John DeWitt was born in 1910 and was a wood sculptor and federal arts administrator in Washingon, D.C.
DeWitt began his career as a professional writer and was a wood sculptor connected with the Veerhoff Gallery in Washington, D.C. His wife, Miriam Hapgood DeWitt, was a painter. In the late 1960s, DeWitt was the Director of Art Programs for the Bureau of Reclamation, an agency of the Department of Interior responsible for water conservation in arid regions of the United States. At this time, the Bureau initiated a program to present its accomplishments to the public through arts commissions and exhibitions. Under the direction of DeWitt and Lloyd Goodrich of the Whitney Museum of American Art, some 40 artists including Ralston Crawford, Peter Hurd, and Norman Rockwell, were invited to depict the scope of reclamation projects in the American West. The artists were given a free hand to depict any scene in any medium as long as the subject matter pertained to the Bureau of Reclamation's program. The resulting artwork was displayed in an exhibition, The American Artist and Water Reclamation, that opened at the National Gallery of Art in April 1972, and then toured the country in a traveling exhibition sponsored by the Smithsonian Institution.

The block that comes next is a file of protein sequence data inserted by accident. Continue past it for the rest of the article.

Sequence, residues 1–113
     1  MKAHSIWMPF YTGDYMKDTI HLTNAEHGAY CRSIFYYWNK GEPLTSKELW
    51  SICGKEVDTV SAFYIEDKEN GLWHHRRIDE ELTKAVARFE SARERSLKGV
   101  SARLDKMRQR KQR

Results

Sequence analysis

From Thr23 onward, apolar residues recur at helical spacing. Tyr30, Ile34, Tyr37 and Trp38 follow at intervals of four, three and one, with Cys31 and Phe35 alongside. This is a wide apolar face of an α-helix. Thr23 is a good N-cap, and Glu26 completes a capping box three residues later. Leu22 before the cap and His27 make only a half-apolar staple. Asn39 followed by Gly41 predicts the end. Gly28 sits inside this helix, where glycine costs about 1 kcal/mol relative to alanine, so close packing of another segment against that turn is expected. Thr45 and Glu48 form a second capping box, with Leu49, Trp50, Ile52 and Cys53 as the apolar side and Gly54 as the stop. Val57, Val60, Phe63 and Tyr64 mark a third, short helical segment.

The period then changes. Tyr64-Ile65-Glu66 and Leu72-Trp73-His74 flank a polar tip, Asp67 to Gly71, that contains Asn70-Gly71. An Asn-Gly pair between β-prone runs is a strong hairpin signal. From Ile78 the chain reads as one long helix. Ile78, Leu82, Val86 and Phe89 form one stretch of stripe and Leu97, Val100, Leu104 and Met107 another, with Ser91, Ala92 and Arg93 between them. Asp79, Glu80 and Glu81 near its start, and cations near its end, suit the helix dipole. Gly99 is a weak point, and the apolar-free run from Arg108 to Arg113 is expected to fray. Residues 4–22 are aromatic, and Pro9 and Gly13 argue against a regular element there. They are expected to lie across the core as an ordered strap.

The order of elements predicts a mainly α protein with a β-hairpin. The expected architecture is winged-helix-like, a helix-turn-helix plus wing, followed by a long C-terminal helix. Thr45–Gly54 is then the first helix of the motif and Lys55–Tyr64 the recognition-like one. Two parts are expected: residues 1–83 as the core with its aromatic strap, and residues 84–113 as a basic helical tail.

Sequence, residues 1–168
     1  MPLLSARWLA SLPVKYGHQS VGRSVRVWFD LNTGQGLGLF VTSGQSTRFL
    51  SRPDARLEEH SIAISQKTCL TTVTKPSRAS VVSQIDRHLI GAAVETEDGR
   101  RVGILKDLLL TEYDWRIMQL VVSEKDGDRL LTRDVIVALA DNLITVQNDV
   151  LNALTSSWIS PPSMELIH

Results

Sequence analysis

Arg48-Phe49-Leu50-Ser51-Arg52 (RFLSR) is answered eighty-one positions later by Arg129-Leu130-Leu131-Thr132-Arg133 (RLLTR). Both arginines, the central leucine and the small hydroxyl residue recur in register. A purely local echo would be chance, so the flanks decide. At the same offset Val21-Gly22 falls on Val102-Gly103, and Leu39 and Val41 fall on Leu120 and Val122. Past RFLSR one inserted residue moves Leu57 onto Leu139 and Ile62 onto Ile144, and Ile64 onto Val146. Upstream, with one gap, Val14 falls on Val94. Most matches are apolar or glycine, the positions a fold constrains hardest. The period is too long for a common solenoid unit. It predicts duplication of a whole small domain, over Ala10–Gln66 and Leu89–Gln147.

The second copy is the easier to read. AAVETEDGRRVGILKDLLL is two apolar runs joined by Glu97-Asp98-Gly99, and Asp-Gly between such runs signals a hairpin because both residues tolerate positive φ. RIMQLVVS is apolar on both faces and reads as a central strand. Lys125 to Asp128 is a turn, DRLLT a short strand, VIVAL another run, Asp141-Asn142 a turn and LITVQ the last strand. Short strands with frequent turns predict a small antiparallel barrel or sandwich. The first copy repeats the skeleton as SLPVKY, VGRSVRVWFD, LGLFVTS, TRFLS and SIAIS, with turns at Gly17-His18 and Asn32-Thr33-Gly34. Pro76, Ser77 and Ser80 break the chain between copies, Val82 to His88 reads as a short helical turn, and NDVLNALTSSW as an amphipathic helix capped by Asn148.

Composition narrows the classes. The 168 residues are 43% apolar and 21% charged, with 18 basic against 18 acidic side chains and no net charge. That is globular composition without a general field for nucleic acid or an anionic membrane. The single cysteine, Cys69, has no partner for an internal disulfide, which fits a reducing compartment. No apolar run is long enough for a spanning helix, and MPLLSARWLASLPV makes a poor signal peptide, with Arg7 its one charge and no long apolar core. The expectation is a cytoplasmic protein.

As the Director of the Visual Arts Program for the Department of the Interior, DeWitt celebrated the Bicentennial by organizing the exhibition America 1976, for which he hired over forty realist painters including Vija Celmins, Ralston Crawford, Alex Katz, Philip Pearlstein, and Wayne Thiebaud, to depict a diverse range of Americana. DeWitt was employed by the Department of the Interior until 1977.
John DeWitt died in 1984.